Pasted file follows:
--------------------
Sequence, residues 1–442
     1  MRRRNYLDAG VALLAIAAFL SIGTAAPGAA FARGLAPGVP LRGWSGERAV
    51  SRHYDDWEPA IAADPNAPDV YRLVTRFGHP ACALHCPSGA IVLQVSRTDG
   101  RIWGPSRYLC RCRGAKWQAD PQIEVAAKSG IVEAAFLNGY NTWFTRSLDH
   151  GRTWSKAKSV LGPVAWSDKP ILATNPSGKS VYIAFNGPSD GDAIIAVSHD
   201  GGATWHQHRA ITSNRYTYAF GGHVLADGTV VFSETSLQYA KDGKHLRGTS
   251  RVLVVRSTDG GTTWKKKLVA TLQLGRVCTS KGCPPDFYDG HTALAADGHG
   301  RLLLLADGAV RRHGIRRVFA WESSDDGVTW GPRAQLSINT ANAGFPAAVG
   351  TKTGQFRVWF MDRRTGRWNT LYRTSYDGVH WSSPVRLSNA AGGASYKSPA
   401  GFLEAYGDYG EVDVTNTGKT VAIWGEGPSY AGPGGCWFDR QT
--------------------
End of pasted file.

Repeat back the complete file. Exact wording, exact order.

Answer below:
Sequence, residues 1–442
     1  MRRRNYLDAG VALLAIAAFL SIGTAAPGAA FARGLAPGVP LRGWSGERAV
    51  SRHYDDWEPA IAADPNAPDV YRLVTRFGHP ACALHCPSGA IVLQVSRTDG
   101  RIWGPSRYLC RCRGAKWQAD PQIEVAAKSG IVEAAFLNGY NTWFTRSLDH
   151  GRTWSKAKSV LGPVAWSDKP ILATNPSGKS VYIAFNGPSD GDAIIAVSHD
   201  GGATWHQHRA ITSNRYTYAF GGHVLADGTV VFSETSLQYA KDGKHLRGTS
   251  RVLVVRSTDG GTTWKKKLVA TLQLGRVCTS KGCPPDFYDG HTALAADGHG
   301  RLLLLADGAV RRHGIRRVFA WESSDDGVTW GPRAQLSINT ANAGFPAAVG
   351  TKTGQFRVWF MDRRTGRWNT LYRTSYDGVH WSSPVRLSNA AGGASYKSPA
   401  GFLEAYGDYG EVDVTNTGKT VAIWGEGPSY AGPGGCWFDR QT